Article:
At the same time there have been plenty of injuries, tough losses.

TM: "The big one that stands out to me is the 2008 game at Iowa. Penn State went in undefeated ranked No. 3 and really the stars were kind of aligned where you felt like this could be the year that Penn State goes undefeated. Leading by 9 in the fourth quarter and coming up just short on a Daniel Murray field goal, I'll never forget that vision of him sliding on the field."

"Injury-wise the Michael Mauti injury stands out to me obviously. That kid who worked so hard that the program upheld its legacy during its toughest times and stood up for everything that is good about Penn State and college athletics and being a student athlete, and seeing him not get to play in his last game as a Penn State football player as hard."

JN: "Michigan game in 2005 will stick with me for quiet a while. That's one where something happened that probably shouldn't have happened and the game finished in a bad way as far as Penn State is concerned and that was a tough one."

(Penn State would lose on the game's final play from scrimmage ending a run at an undefeated season.)

You work with a lot of other sports. What's something you'll remember from one of those programs?

TM: "Two volleyball national championships in person, I think that's one of the most underrated college sports that there is in terms of skill level and athleticism. To see that Final Four in person it's a heck of an event. The thing that really stands out to me though are the four wrestling national championships, I've been fortunate enough to be at all four of them. But collectively the Friday night session that is the Semi-Finals that is an incredible atmosphere and sold out no matter where the venue is. It's something that any college sport fan should see and that has been pretty cool to go to."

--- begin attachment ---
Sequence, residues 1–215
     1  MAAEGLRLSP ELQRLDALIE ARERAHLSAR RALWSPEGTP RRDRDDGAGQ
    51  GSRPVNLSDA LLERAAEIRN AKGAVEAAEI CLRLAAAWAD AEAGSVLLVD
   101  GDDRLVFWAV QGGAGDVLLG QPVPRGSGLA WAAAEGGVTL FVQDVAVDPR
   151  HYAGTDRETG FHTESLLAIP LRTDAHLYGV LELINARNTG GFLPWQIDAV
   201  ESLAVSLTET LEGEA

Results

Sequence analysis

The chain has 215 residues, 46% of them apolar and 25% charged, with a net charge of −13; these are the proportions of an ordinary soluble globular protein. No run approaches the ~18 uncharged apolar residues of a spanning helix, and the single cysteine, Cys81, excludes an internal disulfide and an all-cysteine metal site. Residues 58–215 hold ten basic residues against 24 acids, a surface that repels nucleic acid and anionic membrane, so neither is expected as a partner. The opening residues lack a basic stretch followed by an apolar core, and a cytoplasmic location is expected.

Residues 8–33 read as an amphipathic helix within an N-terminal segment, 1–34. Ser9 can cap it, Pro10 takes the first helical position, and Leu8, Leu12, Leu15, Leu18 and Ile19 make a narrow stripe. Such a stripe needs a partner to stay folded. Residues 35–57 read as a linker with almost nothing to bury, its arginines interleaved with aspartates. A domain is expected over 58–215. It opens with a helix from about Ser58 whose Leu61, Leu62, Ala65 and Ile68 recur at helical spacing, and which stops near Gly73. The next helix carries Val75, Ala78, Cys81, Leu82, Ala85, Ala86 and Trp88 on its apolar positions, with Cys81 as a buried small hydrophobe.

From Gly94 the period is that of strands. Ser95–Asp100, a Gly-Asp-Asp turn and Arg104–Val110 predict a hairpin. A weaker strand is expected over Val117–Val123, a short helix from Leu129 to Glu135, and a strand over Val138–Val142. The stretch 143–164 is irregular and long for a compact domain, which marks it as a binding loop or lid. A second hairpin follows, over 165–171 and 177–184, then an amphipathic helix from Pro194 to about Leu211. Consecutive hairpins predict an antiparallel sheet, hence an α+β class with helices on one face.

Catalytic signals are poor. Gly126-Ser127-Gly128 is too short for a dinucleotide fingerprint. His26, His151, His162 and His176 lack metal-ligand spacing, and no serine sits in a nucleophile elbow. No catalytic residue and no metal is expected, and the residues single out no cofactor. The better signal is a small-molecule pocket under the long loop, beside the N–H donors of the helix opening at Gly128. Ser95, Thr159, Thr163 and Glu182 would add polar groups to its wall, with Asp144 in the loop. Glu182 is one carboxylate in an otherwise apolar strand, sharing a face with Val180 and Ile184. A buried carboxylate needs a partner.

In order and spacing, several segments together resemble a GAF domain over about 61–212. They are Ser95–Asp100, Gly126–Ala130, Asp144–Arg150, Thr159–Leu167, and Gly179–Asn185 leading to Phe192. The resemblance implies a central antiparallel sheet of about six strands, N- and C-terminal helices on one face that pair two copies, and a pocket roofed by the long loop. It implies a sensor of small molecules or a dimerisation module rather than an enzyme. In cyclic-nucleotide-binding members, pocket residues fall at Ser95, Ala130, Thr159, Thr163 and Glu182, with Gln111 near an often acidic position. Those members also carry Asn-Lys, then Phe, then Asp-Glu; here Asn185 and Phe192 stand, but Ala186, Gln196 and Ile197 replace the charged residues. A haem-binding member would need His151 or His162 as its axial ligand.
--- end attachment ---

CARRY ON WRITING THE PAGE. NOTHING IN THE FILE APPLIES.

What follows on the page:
You get the honor of ending a news conference. All three coaches you have worked with have gone about handling those press conferences in different ways. What's the secret to ending a news conference?

JN: "I think a lot of it is certainly just time, and making sure that I'm aware of what they've got next on their schedule and you know, head coaches they're CEOs of their program. So they set the schedule and they expect the people that they work with to help them stay on that schedule. So that's part of my job, to make sure that they stay on their schedule as best as possible."

"Now if there's a time where we're sitting around and talking and there isn't really anything pressing going on right after that, maybe we go a little bit longer. And if it's a situation where I feel like in my opinion that the subject matter that is coming up towards the end of the press conference is maybe not quiet as relevant as it should be at that particular time then I'll probably be more inclined to try and end things."

Jeff says "Make sure your phone is on silent or vibrate" before every news conference. What would happen if my phone wasn't on silent or vibrate?

TM: "I think that Jeff Nelson would stand up in his seat and talk into the microphone and politely ask you to turn your phone off or give you a look to let you know that you should turn your phone off."

JN: "You will get a nasty of a stare as I can come up with that you should not be doing this. We respect what you're doing and you need to respect what we're doing and so your phone should be off. Having said that there have been times when I've walked in there and I have not turned my phone down and you never know."

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Ben Jones covers Penn State football and basketball for StateCollege.com. He's on Twitter as @Ben_Jones88.